Customer Review

5.0 out of 5 stars the other great classical civilization, 27 Aug. 2012
This review is from: Carthage Must Be Destroyed: The Rise and Fall of an Ancient Civilization (Paperback)
In my endless fascination with classical history, I have always been curious about Carthage. This great power has long been defined against its adversaries, the Greeks and the Romans. Having left no real literary legacy, Carthage is like the dark matter of that period: you know it is there, but can't quite see it except as a gravitational well. And yet, it is portrayed as the "alternative" civilization to the Romans, who surpassed and then annihilated it to win domination of the Mediterranean for the next 700 years. I have never felt satisfied with historical treatments of it - until now. In my opinion, that makes this a must-read for classical era enthusiasts. What this wonderful book uniquely accomplishes is to portray Carthage from its own point of view, filling a significant gap in popular history.

The story starts with the Phoenicians, a semitic people who lived to the north of the Jews, in modern-day Lebanon. Tyre was the most influential Phoenician city among many independent city states. They were traders, subject to the Assyrians and other great powers inland during the development of a new urban civilization after the collapse of the Bronze Age. However, with their trade and maritime skills, they were able to maintain a relative autonomy for centuries, paying tribute but allowed the freedom to expand and exploit the western Mediterranean. Carthage began as a trade outpost of Tyre (9 C BCE), but quickly grew into a dynamic hegemonic power once its mother city was crushed and absorbed by the Mesopotamian powers.

In contrast to the Greeks and only much later the Romans, the Carthaginians were principally businessmen rather than soldier-aristocrats from imperialist city states (with economies based on plunder, tribute, and agriculture). In contrast, the Carthaginians found minerals and precious metals that the great powers needed to import, then set up the means to exploit and deliver them. In this way, they expanded into Spain, the large islands off Italy, and across Northern Africa in semi-independent but culturally and militarily linked cities. Their expertise in shipping and manufactures was unsurpassed, even legendary. When they had to fight, they hired mercenaries, though they had their own elite commanders. At first, their enemies were the Greeks, predominantly in Sicily, where they fought incessantly (6-4C BCE). The Romans at that time were a minor inland power.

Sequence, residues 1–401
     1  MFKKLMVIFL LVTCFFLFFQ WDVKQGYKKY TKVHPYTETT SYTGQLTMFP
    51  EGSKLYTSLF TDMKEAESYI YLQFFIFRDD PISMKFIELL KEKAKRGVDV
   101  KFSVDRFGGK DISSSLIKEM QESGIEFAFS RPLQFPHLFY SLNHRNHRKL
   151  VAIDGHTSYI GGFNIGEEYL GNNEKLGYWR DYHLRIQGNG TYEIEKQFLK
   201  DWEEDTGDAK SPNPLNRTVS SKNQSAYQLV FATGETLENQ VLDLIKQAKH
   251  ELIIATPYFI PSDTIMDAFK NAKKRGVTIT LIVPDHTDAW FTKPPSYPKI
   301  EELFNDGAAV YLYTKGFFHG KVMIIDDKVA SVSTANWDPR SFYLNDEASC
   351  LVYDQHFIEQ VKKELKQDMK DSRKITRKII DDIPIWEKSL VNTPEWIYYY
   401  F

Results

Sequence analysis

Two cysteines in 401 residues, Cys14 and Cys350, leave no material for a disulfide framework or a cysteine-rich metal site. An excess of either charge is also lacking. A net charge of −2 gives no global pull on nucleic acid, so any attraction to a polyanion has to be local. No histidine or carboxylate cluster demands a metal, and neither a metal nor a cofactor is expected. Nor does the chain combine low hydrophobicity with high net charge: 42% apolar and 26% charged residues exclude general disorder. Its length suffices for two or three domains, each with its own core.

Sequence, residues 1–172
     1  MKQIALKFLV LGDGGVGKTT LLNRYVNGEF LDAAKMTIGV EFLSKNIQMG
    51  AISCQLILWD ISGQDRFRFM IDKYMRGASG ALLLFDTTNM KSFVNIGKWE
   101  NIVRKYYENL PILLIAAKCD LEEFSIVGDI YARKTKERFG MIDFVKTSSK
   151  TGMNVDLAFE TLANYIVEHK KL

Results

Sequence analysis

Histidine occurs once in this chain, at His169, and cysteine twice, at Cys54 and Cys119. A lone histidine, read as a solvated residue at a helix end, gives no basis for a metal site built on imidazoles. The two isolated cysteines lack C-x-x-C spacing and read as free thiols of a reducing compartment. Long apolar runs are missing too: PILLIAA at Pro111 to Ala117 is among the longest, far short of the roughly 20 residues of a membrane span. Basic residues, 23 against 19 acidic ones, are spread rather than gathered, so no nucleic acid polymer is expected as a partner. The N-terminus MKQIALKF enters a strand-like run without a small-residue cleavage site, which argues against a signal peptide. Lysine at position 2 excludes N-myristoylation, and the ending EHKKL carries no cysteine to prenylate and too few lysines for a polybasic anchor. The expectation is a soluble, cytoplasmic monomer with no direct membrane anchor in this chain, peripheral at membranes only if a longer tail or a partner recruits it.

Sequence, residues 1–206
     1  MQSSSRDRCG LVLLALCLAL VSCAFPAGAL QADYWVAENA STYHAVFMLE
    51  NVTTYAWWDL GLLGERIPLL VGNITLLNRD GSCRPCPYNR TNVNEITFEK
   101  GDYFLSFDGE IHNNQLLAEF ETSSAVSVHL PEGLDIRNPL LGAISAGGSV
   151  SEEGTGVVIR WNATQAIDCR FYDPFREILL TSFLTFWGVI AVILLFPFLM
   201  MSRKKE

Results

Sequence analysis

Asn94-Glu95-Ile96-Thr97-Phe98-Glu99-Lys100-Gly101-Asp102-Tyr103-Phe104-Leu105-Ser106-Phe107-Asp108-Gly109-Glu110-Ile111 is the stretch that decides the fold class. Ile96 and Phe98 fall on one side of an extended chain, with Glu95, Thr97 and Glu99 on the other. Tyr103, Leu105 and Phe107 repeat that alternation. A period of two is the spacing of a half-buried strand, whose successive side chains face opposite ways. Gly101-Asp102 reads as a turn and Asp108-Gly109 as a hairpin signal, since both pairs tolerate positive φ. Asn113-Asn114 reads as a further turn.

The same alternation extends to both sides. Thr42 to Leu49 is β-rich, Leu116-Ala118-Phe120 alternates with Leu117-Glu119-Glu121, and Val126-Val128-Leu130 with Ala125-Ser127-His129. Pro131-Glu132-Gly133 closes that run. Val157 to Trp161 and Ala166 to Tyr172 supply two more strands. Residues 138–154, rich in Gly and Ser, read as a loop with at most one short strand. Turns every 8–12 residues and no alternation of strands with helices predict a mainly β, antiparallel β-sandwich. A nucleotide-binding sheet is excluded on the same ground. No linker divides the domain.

Though not much is known of their culture due to lack of indigenous literature, Miles does his best to describe its polytheistic religion - essentially a syncretist synthesis of the Greek Pantheon with their own gods - and their system of government (aristocratic casts that gained power by wealth, though there were clans that specialized in warfare, e.g. the Barca clan that dominated Spain and produced Hannibal). Miles develops a fascinating analysis of their usurpation, and use, of Heracles, who was melded with their own Melqart; Hannibal used the myth as propaganda to describe his long march to Italy along Heracles' route of tasks. (I only wish I had read for as an undergraduate - it would have made a perfect essay on myth informing history!) But he also explores the founding myths. This is as fun to read as it is informative.

The war with Rome is also expertly covered. I thought I knew this well, but Miles added so much to my understanding that it offered to me a completely new reading on the conflict. In the first Punic War, the Romans master naval warfare and severely beat back the Carthaginians, taking much of the western mediterranean from them. Then, you have the military genius of Hannibal, who was fighting a different kind of war than the Romans, hoping they would sue for peace as recognition of a Carthaginian sphere of influence, when in fact the Romans were implacable in their refusal to do so; then Quintus Fabius Maximus' strategy of avoiding pitched battles; finally the genius of Scipio, who broke the back of Hannibal's army and then conquered the city. What surprised me was the psychological warfare of Hannibal - the propagandistic use of greco-roman myth and religion against them - and how this fed into Roman fears that the Gods had forsaken them. Hannibal also cultivated the Greeks in S Italy via their myths, whose loyalty and beliefs the Romans had to fight try hard to regain.

Finally, Miles covers the transition of Rome from a regional power into the greatest superpower even known in the Mediterranean. Through trial and error, Rome built a fleet and figured out how to beat the Carthaginian Navy, which had grown complacent after centuries of domination of the seas. Here, he explains the development of a tendentious ideology of piety and just war, so similar to the present-day nonsense you hear all the time, which slanted the histories about Carthage and its image in plays and other art forms. Bent on the permanent annihilation of Carthage in the last (unprovoked) Punic war, Rome had to believe it was morally superior, even though it also destroyed other cultures that were less of a threat at that time. It made me hungry to read more about the period. For example, once they didn't have to defend an empire after Hannibal's defeat, the Carthaginians came roaring back, but exclusively as traders; this threatened Rome and provided an alternative future in economic as opposed to military hegemony.

This is a great intellectual adventure. It is also slightly too academic, but without the obscure discussions and proofs that often go on too long. Warmly recommended.
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